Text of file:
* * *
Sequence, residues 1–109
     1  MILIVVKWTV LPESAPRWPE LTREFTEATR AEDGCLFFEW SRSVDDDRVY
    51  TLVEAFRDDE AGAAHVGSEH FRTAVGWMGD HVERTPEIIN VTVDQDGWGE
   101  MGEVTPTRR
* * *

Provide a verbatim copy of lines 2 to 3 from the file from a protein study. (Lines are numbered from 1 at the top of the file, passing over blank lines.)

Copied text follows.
     1  MILIVVKWTV LPESAPRWPE LTREFTEATR AEDGCLFFEW SRSVDDDRVY
    51  TLVEAFRDDE AGAAHVGSEH FRTAVGWMGD HVERTPEIIN VTVDQDGWGE